Obama Campaign Lies About Ryan Medicare Reform
Will the press let them get away with it?
5:15 PM, Aug 11, 2012 • By JOHN MCCORMACK
But the job of journalists is to provide context that politicians leave out. And when it comes to Medicare reform, the press does a pretty shoddy job of providing essential context that would allow an adult conversation about how the country can avert a fiscal crisis. See, for example, the New York Times report on Romney's vice presidential announcement. Reporters Jim Rutenberg and Jeff Zeleny describe Ryan as "an advocate of reshaping the Medicare program of health insurance for retirees."
No, Ryan is not in favor of reshaping Medicare "for retirees"--he wants to reshape it for Americans who are 55 years old and younger. It shouldn't be too difficult to mention the very basic fact about which Americans would actually be affected by the Romney Ryan plan. But the word "Medicare" appears five times in the New York Times report, and not once does the report explain that Ryan's reform takes effect for new retirees starting in 2023.
Most of the public does not yet know who Paul Ryan is or what his Medicare plan would do. The success of the Romney-Ryan campaign will depend in part on its ability to combat distortions and lies about the Romney-Ryan Medicare reform.
The good news for the campaign is that Ryan is the best advocate of his own plan and the best attack dog to go after the Democrats' plans to cut and ration Medicare.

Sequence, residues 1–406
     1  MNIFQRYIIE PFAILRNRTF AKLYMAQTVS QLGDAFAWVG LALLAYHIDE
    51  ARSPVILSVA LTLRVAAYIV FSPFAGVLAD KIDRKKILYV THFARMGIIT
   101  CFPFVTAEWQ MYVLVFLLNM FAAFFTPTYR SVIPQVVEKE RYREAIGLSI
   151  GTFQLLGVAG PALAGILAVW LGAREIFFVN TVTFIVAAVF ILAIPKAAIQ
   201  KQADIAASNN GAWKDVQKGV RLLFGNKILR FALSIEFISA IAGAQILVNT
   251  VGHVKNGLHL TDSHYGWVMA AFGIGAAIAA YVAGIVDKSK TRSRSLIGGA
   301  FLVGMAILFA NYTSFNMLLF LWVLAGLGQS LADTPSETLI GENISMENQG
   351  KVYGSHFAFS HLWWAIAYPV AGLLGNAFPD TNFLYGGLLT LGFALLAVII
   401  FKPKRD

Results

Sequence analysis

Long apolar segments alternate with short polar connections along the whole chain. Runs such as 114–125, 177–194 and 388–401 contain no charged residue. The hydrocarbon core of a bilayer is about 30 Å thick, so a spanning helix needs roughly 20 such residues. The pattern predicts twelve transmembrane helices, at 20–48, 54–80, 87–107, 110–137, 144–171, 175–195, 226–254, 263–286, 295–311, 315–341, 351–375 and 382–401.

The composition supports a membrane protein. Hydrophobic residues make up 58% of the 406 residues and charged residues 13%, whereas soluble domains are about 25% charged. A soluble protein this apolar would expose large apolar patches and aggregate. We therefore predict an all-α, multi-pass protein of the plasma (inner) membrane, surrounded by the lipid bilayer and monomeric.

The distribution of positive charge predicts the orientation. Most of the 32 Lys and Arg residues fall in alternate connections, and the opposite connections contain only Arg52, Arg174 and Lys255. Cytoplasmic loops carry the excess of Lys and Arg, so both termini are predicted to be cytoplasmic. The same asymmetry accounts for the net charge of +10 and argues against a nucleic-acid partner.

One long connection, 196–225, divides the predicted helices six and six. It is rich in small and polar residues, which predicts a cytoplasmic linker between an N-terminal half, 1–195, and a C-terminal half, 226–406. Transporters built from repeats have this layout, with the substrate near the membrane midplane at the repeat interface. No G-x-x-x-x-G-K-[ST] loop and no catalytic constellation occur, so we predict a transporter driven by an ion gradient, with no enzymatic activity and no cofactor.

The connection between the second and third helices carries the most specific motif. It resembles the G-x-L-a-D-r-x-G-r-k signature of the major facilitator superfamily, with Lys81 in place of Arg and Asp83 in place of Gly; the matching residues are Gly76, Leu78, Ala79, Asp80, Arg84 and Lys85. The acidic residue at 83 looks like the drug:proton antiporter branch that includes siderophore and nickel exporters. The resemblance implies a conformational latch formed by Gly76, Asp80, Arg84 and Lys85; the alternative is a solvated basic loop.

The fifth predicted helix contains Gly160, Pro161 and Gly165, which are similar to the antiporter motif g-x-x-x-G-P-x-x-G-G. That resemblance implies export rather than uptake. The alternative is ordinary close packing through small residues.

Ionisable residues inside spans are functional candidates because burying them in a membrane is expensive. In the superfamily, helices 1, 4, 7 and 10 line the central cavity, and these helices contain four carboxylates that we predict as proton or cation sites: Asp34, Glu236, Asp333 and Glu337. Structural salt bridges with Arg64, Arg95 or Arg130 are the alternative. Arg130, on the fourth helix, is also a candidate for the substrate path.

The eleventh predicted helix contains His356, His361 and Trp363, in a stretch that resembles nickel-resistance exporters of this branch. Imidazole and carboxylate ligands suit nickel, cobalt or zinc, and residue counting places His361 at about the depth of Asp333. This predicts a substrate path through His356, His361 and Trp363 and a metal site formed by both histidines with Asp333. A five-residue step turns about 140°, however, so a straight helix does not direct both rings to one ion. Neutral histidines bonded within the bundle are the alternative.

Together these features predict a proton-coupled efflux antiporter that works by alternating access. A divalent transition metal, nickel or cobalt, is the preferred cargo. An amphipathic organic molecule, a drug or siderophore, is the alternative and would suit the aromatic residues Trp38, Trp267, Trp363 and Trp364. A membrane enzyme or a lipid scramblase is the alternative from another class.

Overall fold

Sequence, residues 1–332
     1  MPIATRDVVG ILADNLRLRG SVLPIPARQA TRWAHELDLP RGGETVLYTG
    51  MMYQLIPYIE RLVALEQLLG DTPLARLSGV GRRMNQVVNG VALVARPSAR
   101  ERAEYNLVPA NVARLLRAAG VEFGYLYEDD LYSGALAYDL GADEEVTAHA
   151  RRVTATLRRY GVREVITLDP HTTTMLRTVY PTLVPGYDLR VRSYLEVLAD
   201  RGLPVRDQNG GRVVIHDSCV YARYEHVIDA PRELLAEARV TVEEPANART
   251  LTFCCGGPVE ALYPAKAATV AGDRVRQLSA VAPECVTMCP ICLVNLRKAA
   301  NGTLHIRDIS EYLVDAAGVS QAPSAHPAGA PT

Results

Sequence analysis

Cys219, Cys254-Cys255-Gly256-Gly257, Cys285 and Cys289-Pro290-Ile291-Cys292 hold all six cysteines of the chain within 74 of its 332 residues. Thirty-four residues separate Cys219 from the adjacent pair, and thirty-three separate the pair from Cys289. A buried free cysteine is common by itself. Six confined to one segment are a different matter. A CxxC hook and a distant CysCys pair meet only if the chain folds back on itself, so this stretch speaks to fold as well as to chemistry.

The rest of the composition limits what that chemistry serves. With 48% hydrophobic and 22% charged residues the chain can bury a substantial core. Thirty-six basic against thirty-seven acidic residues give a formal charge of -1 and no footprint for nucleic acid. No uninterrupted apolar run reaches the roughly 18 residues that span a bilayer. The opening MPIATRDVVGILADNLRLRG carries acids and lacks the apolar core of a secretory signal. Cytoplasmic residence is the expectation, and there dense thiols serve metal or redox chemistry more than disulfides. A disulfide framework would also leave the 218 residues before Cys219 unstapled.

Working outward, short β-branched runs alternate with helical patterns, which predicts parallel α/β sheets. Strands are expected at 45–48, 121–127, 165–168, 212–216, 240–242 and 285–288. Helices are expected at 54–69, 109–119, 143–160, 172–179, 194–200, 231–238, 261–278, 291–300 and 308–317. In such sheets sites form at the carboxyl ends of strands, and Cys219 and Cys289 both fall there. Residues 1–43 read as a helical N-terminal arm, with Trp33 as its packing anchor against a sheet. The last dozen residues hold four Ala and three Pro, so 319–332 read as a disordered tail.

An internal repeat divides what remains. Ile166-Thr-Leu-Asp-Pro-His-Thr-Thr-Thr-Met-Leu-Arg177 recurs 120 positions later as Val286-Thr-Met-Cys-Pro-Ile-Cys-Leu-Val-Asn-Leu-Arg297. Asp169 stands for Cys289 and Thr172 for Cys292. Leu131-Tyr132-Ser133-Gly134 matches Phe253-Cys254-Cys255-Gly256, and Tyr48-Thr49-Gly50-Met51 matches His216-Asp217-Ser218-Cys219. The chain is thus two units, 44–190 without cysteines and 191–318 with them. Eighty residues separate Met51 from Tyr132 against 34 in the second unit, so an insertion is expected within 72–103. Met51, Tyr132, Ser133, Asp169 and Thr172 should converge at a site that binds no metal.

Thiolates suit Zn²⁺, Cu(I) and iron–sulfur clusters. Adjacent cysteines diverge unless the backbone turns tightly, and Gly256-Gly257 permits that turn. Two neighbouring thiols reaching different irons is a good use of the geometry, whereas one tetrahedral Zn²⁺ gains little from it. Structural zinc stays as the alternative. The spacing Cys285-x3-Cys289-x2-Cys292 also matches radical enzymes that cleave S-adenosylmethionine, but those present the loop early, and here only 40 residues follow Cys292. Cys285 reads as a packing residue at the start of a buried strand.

"What I'm proposing is, make sure that we don't cut benefits to people in and near retirement, 55 and above," Ryan said during a debate on CNN in 2010 with Democratic congresswoman Debbie Wasserman-Schultz. "They just took $522 billion out of the Medicare fund to spend it on another government program. They are the ones who raided Medicare."
"What I'm saying is," Ryan continued, "let's get these programs solvent. If we don't fix this debt crisis and get ahead of it ... we will shred the social safety net that people have counted on. What I am trying to propose is something responsible, prevent cuts from hitting current seniors, people nearing retirement, and then reform these programs for those of us who are under 54, because we know they are going bankrupt, and put them on the path of solvency and sustainability."
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